Leaving a legacy
Over the last decade our research network has worked with The Nature Conservancy
on a variety of projects, particularly in the area of designing and implementing systems of protected areas. I have always admired the pragmatic way they operate.
The Nature Conservancy is an outcome-oriented organisation that delivers long-term environmental wins on the land and sea. Its reach is huge – from coral reefs to rainforests – from fisheries management and oyster reef restoration to grazing and fire management. They have new global programs in cities, climate change, water, land and marine.
The organisation is the world’s largest environmental non-government organisation. While it emerged in the United States, it now operates in over 50 countries.
The Nature Conservancy has always prided itself in delivering solutions that are based on high levels of scientific evidence. The previous Chief Scientist, Peter Kareiva, has substantially raised the quality and quantity of research in the conservancy – he has left a remarkable legacy.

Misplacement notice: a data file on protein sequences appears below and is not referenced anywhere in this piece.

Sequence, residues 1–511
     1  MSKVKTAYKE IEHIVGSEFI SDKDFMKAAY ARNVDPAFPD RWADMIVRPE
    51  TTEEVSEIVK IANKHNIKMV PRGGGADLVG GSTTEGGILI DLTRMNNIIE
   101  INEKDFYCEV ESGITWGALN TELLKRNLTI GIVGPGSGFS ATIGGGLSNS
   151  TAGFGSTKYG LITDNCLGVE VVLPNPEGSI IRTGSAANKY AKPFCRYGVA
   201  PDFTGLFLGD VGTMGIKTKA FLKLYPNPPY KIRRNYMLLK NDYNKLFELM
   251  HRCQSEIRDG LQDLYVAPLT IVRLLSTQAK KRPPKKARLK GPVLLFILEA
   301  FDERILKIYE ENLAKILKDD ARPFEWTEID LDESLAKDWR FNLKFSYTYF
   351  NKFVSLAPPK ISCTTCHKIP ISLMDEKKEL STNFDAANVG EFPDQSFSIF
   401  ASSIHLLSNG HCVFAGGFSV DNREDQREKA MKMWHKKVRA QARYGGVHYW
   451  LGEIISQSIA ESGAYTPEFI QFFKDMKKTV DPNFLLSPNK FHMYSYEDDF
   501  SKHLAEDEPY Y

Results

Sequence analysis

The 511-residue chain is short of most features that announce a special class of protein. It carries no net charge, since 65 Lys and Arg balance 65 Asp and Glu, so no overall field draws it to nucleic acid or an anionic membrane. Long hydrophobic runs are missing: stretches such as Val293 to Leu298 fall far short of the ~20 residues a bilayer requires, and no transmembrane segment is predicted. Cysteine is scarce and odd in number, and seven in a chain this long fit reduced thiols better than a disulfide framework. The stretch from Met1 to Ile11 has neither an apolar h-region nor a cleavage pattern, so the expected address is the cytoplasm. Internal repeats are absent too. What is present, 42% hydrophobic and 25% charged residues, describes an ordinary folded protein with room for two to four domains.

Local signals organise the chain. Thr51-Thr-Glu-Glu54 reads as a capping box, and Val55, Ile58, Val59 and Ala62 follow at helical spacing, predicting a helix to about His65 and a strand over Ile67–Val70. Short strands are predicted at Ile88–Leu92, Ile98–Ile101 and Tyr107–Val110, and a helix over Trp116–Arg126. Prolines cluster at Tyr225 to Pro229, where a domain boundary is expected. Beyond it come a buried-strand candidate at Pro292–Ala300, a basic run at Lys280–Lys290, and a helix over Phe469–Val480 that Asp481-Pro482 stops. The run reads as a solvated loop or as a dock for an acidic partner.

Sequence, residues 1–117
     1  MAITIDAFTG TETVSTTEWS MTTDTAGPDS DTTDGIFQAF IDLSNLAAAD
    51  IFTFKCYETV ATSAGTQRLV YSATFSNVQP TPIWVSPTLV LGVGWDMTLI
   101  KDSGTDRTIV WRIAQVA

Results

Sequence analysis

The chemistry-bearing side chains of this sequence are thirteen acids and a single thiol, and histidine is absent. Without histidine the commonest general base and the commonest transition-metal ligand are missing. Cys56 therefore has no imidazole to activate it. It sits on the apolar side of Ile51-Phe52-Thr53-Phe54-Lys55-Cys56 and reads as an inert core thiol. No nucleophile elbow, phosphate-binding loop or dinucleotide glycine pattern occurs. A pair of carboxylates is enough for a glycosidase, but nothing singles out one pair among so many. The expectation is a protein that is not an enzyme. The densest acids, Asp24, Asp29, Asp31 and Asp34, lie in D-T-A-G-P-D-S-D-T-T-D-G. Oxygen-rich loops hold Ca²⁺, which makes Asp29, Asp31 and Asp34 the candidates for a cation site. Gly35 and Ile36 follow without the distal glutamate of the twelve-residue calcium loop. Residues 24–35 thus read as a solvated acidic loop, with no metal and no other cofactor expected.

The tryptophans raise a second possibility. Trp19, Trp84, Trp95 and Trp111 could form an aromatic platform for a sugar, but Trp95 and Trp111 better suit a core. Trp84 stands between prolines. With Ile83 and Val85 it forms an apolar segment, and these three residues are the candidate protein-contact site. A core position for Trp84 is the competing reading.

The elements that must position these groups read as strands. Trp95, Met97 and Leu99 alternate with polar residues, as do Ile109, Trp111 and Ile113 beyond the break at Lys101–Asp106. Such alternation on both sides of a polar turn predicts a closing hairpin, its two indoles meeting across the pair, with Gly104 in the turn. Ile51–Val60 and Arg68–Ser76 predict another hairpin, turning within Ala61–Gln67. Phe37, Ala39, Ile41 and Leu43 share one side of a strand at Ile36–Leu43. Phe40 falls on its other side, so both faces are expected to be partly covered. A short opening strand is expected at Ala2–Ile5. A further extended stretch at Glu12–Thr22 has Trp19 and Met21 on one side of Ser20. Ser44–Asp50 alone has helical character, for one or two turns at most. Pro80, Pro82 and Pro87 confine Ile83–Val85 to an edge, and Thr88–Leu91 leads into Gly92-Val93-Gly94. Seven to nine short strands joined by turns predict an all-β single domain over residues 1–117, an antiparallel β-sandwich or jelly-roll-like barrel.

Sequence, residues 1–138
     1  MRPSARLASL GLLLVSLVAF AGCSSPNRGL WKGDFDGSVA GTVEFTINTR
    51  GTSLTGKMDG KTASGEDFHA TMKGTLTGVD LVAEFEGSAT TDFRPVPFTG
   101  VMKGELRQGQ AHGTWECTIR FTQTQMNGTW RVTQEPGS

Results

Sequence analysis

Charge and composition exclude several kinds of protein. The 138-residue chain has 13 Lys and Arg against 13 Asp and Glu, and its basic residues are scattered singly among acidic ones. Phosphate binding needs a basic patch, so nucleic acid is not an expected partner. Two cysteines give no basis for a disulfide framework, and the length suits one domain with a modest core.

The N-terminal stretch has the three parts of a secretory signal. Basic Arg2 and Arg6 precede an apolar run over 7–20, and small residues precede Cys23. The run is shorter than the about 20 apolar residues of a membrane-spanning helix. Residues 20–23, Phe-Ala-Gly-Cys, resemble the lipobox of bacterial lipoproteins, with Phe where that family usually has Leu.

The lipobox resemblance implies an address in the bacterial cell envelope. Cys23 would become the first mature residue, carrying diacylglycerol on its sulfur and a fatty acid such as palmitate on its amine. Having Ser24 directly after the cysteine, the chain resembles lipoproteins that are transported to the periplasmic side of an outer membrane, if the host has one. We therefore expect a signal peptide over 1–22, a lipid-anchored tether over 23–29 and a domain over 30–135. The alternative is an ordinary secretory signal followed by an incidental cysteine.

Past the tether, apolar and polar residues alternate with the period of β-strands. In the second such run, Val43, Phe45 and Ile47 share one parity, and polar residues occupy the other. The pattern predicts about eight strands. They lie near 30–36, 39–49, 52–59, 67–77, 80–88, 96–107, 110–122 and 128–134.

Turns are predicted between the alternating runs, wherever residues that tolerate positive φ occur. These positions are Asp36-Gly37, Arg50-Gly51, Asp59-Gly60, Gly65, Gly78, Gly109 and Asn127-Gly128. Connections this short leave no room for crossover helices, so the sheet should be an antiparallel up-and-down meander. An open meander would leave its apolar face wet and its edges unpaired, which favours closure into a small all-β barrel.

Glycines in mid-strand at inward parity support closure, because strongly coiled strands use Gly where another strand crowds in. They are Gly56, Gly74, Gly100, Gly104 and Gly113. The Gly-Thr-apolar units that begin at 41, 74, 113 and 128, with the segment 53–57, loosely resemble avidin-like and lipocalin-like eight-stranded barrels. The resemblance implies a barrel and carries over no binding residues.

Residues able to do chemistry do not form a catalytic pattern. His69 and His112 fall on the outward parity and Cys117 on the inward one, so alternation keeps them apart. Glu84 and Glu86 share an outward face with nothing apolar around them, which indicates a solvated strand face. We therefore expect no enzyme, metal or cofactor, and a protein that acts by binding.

Furthermore, The Nature Conservancy now has partnerships with many of the world’s best universities (Oxford, Cornell, Stanford etc.), individual scientists and social scientists from The University of Queensland to The University of Minnesota. The organisation is investing more than ever in research that makes a difference.
Personally, my love of nature has always trumped my love of science. Moving to The Nature Conservancy provides me with remarkable opportunities to save species and restore ecosystems all over the world – plus my global bird list will soar as I am duty bound to visit The Nature Conservancy’s properties and field sites around the world.
I start my new position as Chief Scientist with the Nature Conservancy on 14 November 2016 and will be taking extended leave from 1 September. By then you will have a new director – although I think the leadership group has been “directing” the Hub as a mutually supportive collective, like a small hive of social wasps (no queen), since we commenced.
I'm excited about the next chapter for both myself and the Hub, and look forward to retaining connections with the researchers and organisations who are contributing so much to threatened species recovery in Australia.
Professor Hugh Possingham
Main image: Taggerty River by David Blair